Will LeBron James Leave for the LA Lakers? Cleveland Isn't Owed Anything, Star Says in Interview

It's long been rumored that LeBron James would leave Cleveland for Los Angeles when his contract runs out after this upcoming season. A story published by GQ magazine Tuesday, on opening day of the NBA season, will do little to quell the fears of Cavaliers fans that their star will leave town (again).

The article's author, Mark Anthony Green, asked James about an infamous letter penned by Cavaliers owner Dan Gilbert after the star left for Miami in 2010 (he'd return to Ohio in 2014). For the uninitiated, the letter slammed James personally, with Gilbert waxing on about the star's betrayal, cowardice and narcissism. 

"Did you feel like Dan Gilbert's letter was racial?" Green asked (Gilbert, like most owners of professional sports franchises, is white.) James responded:

"Um, I did. I did. It was another conversation I had to have with my kids. It was unfortunate, because I believed in my heart that I had gave that city and that owner, at that point in time, everything that I had. Unfortunately, I felt like, at that point in time, as an organization, we could not bring in enough talent to help us get to what my vision was. A lot of people say they want to win, but they really don't know how hard it takes, or a lot of people don't have the vision. So, you know, I don't really like to go back on that letter, but it pops in my head a few times here, a few times there. I mean, it's just human nature. I think that had a lot to do with race at that time, too, and that was another opportunity for me to kind of just sit back and say, 'Okay, well, how can we get better? How can we get better? How can I get better?' And if it happens again, then you're able to have an even more positive outlook on it. It wasn't the notion of I wanted to do it my way. It was the notion of I'm gonna play this game, and I'm gonna prepare myself so damn hard that when I decide to do something off the court, I want to be able to do it because I've paid my dues."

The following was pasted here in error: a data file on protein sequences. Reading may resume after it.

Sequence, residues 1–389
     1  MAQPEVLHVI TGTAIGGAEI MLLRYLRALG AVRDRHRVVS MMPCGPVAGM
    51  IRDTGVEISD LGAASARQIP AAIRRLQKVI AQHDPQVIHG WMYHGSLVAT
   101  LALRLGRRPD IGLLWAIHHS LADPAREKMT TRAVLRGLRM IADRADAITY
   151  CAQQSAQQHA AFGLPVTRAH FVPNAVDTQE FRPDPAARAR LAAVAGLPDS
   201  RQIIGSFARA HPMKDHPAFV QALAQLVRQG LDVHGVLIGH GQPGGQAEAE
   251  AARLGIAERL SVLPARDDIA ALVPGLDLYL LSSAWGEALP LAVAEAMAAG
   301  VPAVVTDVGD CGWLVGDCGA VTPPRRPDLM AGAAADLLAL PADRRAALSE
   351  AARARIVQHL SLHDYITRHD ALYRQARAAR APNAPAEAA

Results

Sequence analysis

When James returned to Cleveland he told Sports Illustrated "what's most important for me is bringing one trophy back to Northeast Ohio." He accomplished that in 2016.

"What does LeBron James owe the city of Cleveland?" Green asked him.

"LeBron James owes nobody anything," he said. "Nobody. When my mother told me I don't owe her anything, from that point in time, I don't owe anybody anything. But what I will give to the city of Cleveland is passion, commitment and inspiration. As long as I put that jersey on, that's what I represent. That's why I'm there—to inspire that city. But I don't owe anybody anything."

The stream of Lebron-to-L.A. reports has been near-constant. The Ringer first floated the rumors in June. Adrian Wojnarowski, then of Yahoo, now of ESPN, soon followed up with reports saying many expected the move. Bleacher Report reported many league executives are convinced it's a done deal. Veteran NBA writer Peter Vecsey went as far as to say, "I'm comfortable now in stating unequivocally, LeBron will leave the Cavaliers a second time and join the Lakers, and return the team to L.A. lore status."

So as the Cavaliers tip-off Tuesday night to begin the NBA season, it's possible it could be the beginning of the end for the LeBron Era in Cleveland.

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